Not too long ago, a co-worker told me that her guest wanted a wine like Silver Oak but wanted to spend less than $100. I must admit I thought I was pretty funny when I told her "Give him the half-bottle of Shafer."
I'm sure reducing the quantity was not what the person had in mind when he revealed his $100 limitation, and I don't hold his threshold against him- I can't think of one time when I have spent more than that sum on a bottle of wine in a restaurant. But, unfortunately for him, he was giving a near-impossible guideline. Regardless of whether you think Silver Oak (an iconic Napa winery that only makes cabernet sauvignon) is worth the price, his lofty request highlighted the fact that a lot of people, with regard to wine, don't know why it is expensive and what they are paying for.
We may think of the tomatoes we grow in our own yard as "free," but, shockingly, commercial growers of grapes do not think of their yield the same way. When they harvest grapes in the early fall, they have to get back all of (and more than) the money they spent all year to grow these juicy beauties. They charge per ton, and prices normally range from a couple thousand dollars per ton to about $30K/ton (for grapes from a famed Napa vineyard that we'll call Intolkoffer). Whether that figure is absolutely accurate does not matter, but the fact that there is wild variation does. If a winemaker does not buy fruit- if he grows the grapes himself- then there is one less person (the grower) who has to make money, but the costs of growing the grapes remain.
And where were the grapes grown? In Napa? Well, real estate (farm and residential) is expensive in Napa. Much more expensive than, say, Lodi, where a lot of California's inexpensive and not necessarily inferior wine grapes are grown. What does that mean? Well, the grapes will cost more because leasing the land costs more. And the labor costs more because the laborers, if they live in the area, have to pay more to live. It's all connected.
As they eat less, have fewer kids, and watch less HBO than people, machines have to be paid much less than humans- so why not machine-harvest the fruit instead of having delicate and sensitive little people do it? That is certainly an option, and is common in certain areas. However, some of the best grapes are grown in places- steep places- where machines just can't do the work. So if you are harvesting a flat vineyard with well-spaced vines, go ahead and use a machine. But the grapes you are harvesting may have less potential- and may be more brutalized- than those that have been harvested by hand.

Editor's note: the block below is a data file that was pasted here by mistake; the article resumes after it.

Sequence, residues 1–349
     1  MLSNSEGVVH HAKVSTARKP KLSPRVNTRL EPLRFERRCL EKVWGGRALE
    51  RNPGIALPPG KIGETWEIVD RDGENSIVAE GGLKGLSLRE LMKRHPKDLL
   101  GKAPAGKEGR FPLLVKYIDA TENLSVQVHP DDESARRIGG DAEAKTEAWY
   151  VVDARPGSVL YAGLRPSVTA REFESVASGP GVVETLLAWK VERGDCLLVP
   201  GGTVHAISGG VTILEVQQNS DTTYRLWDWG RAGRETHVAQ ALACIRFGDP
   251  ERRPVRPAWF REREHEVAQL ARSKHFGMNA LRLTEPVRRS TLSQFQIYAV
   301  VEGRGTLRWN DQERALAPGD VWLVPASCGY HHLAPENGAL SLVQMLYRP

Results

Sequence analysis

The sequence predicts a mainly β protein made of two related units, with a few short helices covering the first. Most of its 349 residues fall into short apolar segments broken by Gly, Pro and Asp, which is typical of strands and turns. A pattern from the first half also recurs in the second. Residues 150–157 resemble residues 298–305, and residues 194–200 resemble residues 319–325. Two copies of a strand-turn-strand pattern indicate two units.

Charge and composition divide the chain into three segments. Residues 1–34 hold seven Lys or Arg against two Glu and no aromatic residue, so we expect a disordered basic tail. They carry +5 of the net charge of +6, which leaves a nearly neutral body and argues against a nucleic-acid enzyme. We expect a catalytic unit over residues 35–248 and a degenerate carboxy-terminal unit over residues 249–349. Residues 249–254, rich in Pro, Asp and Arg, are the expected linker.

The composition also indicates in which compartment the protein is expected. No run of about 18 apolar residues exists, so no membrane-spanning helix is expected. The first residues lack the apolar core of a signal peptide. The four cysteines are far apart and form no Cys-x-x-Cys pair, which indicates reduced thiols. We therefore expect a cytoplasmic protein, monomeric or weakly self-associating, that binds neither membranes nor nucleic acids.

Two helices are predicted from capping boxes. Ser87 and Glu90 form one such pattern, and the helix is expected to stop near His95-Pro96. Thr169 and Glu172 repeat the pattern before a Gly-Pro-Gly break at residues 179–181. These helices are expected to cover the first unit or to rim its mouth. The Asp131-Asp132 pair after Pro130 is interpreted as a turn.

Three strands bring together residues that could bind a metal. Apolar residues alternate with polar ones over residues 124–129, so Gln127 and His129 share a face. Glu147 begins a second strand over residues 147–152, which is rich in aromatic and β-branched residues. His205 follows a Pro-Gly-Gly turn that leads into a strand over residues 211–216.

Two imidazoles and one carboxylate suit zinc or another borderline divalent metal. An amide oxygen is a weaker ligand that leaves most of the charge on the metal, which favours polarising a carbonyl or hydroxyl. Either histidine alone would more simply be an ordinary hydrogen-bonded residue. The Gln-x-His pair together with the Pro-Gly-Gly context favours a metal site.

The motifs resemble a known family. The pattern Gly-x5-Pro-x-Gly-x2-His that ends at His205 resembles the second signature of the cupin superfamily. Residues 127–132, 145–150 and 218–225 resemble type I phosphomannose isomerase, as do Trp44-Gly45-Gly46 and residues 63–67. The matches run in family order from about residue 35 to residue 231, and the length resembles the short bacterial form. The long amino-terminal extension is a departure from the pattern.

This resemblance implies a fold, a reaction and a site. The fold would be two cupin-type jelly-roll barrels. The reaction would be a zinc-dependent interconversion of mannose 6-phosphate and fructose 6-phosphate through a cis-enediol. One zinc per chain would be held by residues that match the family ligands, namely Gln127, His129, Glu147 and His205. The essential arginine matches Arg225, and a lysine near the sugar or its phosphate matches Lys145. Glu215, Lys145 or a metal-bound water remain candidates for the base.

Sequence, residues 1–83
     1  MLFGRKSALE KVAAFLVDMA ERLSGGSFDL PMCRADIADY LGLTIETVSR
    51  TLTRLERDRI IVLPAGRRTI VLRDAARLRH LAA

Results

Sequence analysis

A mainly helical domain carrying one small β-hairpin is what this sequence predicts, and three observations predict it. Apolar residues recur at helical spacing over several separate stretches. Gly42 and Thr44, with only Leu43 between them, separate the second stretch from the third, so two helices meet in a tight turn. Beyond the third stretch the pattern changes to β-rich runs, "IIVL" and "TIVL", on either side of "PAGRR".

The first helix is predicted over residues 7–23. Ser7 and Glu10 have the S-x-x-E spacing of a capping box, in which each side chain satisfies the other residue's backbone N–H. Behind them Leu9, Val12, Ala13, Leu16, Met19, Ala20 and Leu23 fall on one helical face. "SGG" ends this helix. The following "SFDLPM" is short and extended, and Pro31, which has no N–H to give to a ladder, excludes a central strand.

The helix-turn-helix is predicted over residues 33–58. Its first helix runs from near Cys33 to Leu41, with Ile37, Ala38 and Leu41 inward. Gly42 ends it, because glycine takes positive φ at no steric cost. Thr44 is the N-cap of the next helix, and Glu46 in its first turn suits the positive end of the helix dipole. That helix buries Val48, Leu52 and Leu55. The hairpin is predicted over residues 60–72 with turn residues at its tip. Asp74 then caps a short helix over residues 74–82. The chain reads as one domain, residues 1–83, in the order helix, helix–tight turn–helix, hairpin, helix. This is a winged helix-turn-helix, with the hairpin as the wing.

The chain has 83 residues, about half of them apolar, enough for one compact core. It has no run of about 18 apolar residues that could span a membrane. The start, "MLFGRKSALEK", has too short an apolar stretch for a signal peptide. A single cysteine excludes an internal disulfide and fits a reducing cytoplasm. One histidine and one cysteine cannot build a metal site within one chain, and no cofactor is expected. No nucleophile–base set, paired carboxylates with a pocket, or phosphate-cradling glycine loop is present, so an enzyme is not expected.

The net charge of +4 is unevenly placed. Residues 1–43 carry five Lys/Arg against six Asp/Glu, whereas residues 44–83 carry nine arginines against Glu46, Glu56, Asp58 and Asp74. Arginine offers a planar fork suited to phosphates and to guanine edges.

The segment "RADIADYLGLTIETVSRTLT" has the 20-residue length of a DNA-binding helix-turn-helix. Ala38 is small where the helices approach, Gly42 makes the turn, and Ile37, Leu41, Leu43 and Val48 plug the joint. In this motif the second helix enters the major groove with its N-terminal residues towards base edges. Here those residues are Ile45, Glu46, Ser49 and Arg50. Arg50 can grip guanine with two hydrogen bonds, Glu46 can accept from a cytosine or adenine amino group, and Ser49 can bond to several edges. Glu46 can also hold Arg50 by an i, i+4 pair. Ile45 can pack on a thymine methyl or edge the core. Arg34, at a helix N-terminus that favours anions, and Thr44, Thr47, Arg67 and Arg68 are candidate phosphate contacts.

Grapes are like children in that, even though you might think you are doing them a favor by coddling them, you are actually doing them a great disservice. Just as a tough childhood can produce a gritty and determined adult, a trying youth is generally agreed to produce a more complex and rewarding wine grape. A stressful existence for the vine does tend to lower yield, which is the amount of grapes (measured in tons per acre, usually) produced by a vineyard. So if my conditions are such that I am getting only 2 tons/acre, I might be harvesting some incredible grapes- but I've got to charge a lot more for them than a grower who is pumping out four times that. Are my grapes more desirable? Probably, and some winemaker's got to put her money where her desire is. And if the winemaker's gotta fork it over, so does the consumer. And that's you.
In wine there are climates, and then there are microclimates; little patches that whose weather patterns are slightly different than those of the spot across the highway or down the hill. Some have established themselves as producing "better" grapes. As you pinpoint the place from which your grapes come, you generally increase the price of the wine- after all, no one is buying from a specific vineyard because of how shitty the grapes are there. You buy from the Intolkoffer vineyard because it consistently produces great grapes; you can scour Napa every year to find satisfactory cheaper grapes- maybe you do, maybe you don't.
Far Niente makes one of the more renowned chardonnays in Napa. All of their wine is aged in oak barrels- about half of it in new oak barrels, and half of it in one year-old barrels (or the barrels that were new last year). Making 25,000 cases of wine requires about 1000 barrels- half of which are new. Did I mention that these barrels cost $1200 each?That's $600,000- just in barrels. No fertilizer, no grapes, no laborers, no marketing, no glassware in the tasting room, no UC Davis-trained winemaker- just barrels. There's still a lot left to pay for.
Far Niente is a big name. Silver Oak is a big name. People ooh at them, and you pay for the oohs. As the prestige of a brand grows, demand grows. As demand grows, prices go up, and wineries become the crotch-licking dogs from the ancient joke. Why do they charge so much? Because they can.
There is serious pleasure in forking over for a big-name wine, and having your expectations met. But there is greater pleasure in spending modestly and having your expectations blown away, which is much more likely to happen with a lesser-known winery. We benefit from the upstart winemaker fighting for his piece of the pie that the Far Nientes of the wine world have been gobbling up. He knows he can't charge what the big boys charge- or else everyone will run out and buy from the big boys whose merits are already well-known. He must overachieve to compete, and sometimes he succeeds in both. It's a beautiful thing when a sip has you wondering why doesn't this winemaker charge more?
The answer? Because he can't- yet.